How to color clear epoxy resin – coloring resin

How to color clear epoxy resinHow to color clear epoxy resin

 

Originally written August 2018.  Updated May 2020.

Let’s talk a little about coloring your resin. There are a few things you can do and a few things you can’t do when it comes to coloring resin.  Knowing these guidelines will help ensure resin coloring success.  Then, once you get a handle on the rules of how to color clear epoxy resin, you can learn when to break them.

To get the best results when coloring resin, use colorants designed specifically to color the resin you are working with.  There are two reasons for this:

1. By using the same brand of resin and colorants, you can be assured that your resin is going to cure the way you expect.  This means that the resin should not cure any differently (hardness, clarity, etc.) than without the colors added.

2. Colors designed specifically for a brand of resin should also cure with that color.  i.e. the colors shouldn’t fade or turn a different color once added to the resin.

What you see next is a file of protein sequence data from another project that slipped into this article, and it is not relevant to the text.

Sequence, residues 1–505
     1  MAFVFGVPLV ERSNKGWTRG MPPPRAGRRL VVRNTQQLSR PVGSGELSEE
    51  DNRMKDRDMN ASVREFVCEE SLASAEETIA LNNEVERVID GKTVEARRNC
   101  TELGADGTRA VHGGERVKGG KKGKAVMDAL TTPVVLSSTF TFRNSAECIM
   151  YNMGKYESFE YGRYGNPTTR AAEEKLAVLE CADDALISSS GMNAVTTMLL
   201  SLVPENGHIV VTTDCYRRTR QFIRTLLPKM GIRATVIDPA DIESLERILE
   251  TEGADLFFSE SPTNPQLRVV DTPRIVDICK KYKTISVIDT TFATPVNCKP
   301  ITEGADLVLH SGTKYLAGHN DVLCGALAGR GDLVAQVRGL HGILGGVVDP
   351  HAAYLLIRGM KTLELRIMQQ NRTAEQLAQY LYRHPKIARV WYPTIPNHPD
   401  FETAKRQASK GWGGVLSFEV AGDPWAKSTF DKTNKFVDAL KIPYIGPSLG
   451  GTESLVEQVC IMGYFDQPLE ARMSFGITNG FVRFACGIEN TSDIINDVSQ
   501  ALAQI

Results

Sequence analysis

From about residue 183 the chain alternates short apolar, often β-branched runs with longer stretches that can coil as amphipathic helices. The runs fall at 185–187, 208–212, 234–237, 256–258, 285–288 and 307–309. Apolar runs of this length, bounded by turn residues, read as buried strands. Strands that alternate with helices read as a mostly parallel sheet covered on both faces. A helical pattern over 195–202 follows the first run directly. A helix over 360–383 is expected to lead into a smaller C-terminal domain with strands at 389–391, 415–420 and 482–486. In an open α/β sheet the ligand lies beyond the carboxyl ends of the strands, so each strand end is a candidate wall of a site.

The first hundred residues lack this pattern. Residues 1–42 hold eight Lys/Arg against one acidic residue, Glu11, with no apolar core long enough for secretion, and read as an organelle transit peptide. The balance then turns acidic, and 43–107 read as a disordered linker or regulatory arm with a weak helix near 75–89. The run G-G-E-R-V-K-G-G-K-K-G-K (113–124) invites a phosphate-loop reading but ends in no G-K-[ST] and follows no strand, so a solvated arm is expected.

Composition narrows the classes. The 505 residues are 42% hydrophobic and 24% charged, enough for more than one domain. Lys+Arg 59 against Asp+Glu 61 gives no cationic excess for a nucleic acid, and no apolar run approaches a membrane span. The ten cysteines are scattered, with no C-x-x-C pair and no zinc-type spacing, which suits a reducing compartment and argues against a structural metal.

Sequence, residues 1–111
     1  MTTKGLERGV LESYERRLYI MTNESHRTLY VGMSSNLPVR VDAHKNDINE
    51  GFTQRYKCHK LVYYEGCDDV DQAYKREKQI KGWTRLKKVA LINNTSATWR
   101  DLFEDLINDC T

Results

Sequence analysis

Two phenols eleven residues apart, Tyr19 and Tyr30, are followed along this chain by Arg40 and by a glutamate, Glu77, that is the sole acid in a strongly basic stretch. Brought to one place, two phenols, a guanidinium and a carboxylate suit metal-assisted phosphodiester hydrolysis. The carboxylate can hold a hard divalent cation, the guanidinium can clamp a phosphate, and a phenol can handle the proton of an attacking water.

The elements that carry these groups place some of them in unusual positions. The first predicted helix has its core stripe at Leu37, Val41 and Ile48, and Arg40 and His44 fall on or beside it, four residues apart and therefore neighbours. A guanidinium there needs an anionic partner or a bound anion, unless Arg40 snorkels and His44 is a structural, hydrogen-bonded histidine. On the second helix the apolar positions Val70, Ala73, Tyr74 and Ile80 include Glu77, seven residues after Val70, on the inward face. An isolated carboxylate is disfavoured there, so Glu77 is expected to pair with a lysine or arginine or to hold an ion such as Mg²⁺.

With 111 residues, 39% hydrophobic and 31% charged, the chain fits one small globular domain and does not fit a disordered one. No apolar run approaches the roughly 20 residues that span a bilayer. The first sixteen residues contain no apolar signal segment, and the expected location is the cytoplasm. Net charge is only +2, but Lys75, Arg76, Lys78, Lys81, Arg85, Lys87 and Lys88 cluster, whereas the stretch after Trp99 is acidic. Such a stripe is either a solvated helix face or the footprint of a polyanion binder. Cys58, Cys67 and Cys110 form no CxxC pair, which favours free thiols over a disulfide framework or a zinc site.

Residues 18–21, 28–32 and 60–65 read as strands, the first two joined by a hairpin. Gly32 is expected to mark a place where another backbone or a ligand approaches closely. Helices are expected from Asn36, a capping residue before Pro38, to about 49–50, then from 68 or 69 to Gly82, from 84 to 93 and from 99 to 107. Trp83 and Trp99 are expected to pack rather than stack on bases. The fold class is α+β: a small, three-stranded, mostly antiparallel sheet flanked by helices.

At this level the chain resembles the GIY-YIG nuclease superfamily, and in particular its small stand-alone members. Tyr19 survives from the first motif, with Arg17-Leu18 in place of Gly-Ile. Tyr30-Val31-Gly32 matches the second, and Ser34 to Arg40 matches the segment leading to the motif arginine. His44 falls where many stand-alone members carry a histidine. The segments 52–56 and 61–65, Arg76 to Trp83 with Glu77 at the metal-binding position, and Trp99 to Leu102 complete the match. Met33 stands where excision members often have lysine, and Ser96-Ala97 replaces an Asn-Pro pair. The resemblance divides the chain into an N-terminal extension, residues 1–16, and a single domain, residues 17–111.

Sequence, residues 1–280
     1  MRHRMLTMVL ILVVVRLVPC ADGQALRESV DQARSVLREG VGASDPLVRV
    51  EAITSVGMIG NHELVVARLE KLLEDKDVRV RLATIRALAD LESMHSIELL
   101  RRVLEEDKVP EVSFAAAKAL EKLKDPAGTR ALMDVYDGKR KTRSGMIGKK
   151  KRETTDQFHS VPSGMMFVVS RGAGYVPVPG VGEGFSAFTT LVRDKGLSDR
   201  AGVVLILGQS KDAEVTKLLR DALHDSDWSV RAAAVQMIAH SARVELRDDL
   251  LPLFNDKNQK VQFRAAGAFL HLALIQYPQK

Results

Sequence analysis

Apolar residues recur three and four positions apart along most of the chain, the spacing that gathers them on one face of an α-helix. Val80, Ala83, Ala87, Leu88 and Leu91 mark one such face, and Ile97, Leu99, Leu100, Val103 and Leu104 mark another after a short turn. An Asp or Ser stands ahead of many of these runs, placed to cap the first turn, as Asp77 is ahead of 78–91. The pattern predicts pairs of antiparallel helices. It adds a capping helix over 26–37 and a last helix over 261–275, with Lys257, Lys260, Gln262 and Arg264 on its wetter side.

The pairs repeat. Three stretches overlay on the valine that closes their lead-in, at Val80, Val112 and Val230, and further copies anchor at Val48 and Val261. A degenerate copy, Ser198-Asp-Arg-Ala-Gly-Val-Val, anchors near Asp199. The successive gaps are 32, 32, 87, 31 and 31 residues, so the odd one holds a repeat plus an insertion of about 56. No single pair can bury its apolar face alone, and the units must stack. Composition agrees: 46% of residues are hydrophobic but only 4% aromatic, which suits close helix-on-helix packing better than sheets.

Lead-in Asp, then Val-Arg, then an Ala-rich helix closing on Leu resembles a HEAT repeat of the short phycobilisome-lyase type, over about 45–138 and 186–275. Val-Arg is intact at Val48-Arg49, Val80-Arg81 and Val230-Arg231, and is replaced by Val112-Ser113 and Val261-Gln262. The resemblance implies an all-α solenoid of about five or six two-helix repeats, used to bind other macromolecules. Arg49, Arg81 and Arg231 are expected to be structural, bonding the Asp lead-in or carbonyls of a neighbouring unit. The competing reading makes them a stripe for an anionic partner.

Can you use one brand’s colors with another brand’s resin?

The answer is *yes*, but with a footnote.  The footnote is that whenever I have done that I have never had any curing problems. I have, however, gotten a different color than I was expecting.

If you have ever purchased a resin kit and noticed that the hardener is a little yellow, you may find that the resin part has blue added to it.  When you mix the two parts together, the result will be clear.   I have experienced problems where I used one brand’s green, yellow and/or blue and put it into a different brand’s resin only to get a color I wasn’t expecting despite the resin curing normally.  You can see what I’m talking about in the results of one of my resin experiments.

Now that you know the basic resin coloring rules, let’s try to break them.  It’s one of the neat things I would encourage you to do with resin.